Print version ISSN 0034-7299
Rev. Bras. Otorrinolaringol. vol.74 no.2 São Paulo Mar./Apr. 2008
Carlos Takahiro ChoneI; Cristiane TeixeiraII; Nelson A. AndreolloIII; Ana Lucia SpinaIV; Irene H. K. BarcelllosV; Elizabeth QuagliatoVI; Agricio N. CrespoVII
IDoctor in medicine, specializing
in Otorhinolaryngology, Medical School of the Campinas State University. Adjunct
Professor / Otorhinolaryngology and Head & Neck Discipline / Unicamp
IIOtorhinolaryngologist, medical resident / Otorhinolaryngology and Head & Neck Discipline / Unicamp
IIIAdjunct professor, Gastric Surgery Discipline / Gastrocentro / Unicamp
IVDoctoral student, Otorhinolaryngology and Head & Neck Discipline / Unicamp. Speech therapist/ Otorhinolaryngology and Head & Neck Discipline / Unicamp
VAdjunct professor / Radiology Department / Unicamp
VIAdjunct professor / Neurology Departmento / Unicamp
VIIAdjunct professor / Otorhinolaryngology and Head & Neck Discipline / Unicamp. Chief of the Otorhinolaryngology and Head & Neck Discipline / Unicamp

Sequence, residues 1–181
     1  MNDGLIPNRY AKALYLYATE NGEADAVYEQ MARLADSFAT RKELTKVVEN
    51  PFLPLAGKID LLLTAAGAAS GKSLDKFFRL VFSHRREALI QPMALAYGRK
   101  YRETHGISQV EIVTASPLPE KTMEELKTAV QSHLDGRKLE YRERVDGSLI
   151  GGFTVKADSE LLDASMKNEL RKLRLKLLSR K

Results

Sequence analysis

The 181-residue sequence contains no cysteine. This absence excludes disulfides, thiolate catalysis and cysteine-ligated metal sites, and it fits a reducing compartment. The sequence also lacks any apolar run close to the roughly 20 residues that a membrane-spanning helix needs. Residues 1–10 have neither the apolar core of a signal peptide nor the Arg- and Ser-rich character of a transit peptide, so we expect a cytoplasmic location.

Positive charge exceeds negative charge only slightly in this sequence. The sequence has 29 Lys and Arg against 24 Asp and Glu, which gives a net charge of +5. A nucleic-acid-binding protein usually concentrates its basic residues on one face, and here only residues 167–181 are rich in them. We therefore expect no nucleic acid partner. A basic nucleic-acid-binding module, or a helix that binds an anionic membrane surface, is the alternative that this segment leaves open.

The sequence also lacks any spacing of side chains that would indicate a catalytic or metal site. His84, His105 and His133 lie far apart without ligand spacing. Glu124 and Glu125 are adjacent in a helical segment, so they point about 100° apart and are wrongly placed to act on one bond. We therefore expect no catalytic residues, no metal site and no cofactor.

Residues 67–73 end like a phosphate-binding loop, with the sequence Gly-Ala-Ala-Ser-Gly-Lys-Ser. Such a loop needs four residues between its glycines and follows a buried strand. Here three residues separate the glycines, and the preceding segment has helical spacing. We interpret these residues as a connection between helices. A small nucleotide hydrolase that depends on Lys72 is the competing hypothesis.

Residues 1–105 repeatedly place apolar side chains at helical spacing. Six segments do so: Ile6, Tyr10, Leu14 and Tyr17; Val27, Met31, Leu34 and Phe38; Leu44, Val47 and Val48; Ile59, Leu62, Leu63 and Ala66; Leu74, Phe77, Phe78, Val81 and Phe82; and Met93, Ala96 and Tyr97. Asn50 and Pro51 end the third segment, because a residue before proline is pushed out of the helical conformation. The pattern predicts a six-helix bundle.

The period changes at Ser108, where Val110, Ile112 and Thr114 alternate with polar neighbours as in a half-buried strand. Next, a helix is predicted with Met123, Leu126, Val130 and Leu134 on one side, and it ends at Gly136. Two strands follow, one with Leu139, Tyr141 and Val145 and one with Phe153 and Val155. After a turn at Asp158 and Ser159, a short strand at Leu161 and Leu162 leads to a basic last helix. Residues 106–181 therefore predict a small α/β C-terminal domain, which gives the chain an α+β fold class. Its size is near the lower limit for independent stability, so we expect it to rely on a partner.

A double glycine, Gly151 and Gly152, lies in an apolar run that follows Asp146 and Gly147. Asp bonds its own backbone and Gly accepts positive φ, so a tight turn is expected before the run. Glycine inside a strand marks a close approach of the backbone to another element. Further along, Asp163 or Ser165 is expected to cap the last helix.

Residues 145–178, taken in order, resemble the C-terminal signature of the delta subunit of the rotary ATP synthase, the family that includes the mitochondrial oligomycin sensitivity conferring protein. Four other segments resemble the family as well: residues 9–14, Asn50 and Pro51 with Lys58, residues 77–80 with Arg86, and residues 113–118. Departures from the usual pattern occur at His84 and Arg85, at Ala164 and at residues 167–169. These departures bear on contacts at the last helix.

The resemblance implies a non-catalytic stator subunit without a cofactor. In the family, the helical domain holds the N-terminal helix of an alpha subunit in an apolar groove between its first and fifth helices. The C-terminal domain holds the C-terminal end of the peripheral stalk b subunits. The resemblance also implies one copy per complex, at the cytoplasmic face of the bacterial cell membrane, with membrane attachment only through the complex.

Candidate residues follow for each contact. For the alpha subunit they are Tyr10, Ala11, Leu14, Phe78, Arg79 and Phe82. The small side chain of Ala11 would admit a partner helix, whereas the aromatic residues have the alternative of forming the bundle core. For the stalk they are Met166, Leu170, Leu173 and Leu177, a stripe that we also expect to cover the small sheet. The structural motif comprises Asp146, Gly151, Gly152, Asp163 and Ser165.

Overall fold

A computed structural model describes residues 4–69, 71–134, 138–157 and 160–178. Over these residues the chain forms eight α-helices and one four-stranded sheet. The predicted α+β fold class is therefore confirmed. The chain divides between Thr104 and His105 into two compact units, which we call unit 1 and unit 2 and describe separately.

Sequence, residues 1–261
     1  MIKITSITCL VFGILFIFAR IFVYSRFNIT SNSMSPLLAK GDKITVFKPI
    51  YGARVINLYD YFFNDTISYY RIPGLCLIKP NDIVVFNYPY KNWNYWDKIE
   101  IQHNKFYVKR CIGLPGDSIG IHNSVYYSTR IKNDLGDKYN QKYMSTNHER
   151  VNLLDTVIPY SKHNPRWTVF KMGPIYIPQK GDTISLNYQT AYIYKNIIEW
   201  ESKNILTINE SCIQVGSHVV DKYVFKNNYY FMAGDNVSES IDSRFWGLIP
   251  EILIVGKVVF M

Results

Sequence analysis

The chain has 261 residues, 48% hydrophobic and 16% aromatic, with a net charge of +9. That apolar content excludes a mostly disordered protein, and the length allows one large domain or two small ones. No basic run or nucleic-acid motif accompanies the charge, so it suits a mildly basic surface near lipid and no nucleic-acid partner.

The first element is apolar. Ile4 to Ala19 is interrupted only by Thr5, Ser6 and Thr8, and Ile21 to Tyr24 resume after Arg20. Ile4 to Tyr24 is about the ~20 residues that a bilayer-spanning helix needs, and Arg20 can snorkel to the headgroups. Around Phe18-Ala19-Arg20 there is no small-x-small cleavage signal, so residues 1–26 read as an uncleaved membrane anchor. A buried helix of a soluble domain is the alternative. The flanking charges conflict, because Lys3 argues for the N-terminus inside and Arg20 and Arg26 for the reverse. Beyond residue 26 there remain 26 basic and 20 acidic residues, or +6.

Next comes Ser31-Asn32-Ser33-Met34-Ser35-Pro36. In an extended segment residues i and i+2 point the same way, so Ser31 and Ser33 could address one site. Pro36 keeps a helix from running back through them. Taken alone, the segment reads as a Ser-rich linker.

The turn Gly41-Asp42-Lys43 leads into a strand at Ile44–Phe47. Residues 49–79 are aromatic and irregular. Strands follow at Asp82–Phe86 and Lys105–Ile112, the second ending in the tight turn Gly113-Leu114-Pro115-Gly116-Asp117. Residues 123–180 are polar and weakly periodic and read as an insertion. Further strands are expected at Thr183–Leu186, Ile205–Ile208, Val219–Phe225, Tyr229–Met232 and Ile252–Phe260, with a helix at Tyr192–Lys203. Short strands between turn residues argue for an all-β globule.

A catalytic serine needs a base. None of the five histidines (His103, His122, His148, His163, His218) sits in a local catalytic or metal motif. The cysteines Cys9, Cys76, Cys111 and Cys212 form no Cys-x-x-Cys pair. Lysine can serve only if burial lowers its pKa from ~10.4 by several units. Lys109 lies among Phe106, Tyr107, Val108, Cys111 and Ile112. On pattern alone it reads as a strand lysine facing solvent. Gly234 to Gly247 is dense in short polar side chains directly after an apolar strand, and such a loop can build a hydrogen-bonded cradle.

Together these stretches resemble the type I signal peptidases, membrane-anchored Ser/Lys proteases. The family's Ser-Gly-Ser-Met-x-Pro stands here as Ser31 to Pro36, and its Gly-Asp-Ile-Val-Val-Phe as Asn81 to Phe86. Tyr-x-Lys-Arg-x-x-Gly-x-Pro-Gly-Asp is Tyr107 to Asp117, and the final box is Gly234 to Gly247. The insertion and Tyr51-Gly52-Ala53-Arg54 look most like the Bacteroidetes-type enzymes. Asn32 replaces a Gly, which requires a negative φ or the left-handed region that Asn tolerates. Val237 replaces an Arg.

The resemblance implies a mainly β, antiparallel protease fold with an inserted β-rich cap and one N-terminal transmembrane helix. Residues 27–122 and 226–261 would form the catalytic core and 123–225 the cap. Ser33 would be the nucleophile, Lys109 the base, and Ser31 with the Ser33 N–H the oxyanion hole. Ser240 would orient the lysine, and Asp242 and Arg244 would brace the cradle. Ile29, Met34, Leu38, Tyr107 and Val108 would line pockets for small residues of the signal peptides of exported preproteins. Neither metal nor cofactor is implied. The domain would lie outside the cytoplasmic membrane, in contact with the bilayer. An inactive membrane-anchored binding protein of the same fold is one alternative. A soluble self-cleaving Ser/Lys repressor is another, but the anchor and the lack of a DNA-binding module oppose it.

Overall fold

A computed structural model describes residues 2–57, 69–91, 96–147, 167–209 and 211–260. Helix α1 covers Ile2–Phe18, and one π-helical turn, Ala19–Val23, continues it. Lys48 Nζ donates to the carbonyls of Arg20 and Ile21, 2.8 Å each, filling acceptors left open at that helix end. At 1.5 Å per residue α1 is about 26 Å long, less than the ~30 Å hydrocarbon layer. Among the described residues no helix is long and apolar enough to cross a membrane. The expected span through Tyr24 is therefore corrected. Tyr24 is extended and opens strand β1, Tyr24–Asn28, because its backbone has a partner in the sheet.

In tracheo esophageal puncture (TEP), we carry
out a myotomy of the pharynx constrictor muscle; however, about 9 to 79% of
patients need such procedure. The consequence of such procedure is an increase
in salivary fistula rates in the postoperative. Botulin toxin is used in an
AIM: analyzing the efficacy of botulin toxin (BT) use in the rehabilitation of totally laryngectomized patients with tracheo-esophageal voice (TEV) with spasms (S) of the pharyngo-esophageal segment (PES) without myotomy.
MATERIALS AND METHODS: We analyzed eight patients submitted to total laryngectomy (TL), rehabilitated with TEV, with speech prosthesis (SP) and struggle to utter voice because of PES spasms. They were all submitted to treatment of such motor alteration with the injection of 100 units of BT in the PES. The evaluation was based on perceptive voice analysis, video fluoroscopy (VF) of the PES, acoustic voice analysis and computerized manometry (CM) of the PES, all before and after BT injection.
STUDY DESIGN: prospective. Results: There was a reduction in PES CM pressure after BT injection. Acoustic analysis showed an improvement in harmonics quality after treatment. There was smoother voice utterance and spasm improvement after BT.
CONCLUSION: all patients with PES spasms presented vocal improvement after BT injection in the PES.
Keywords: laryngeal cancer, total laryngectomy, botulinum toxin, voice, head and neck, tracheoesophageal speech.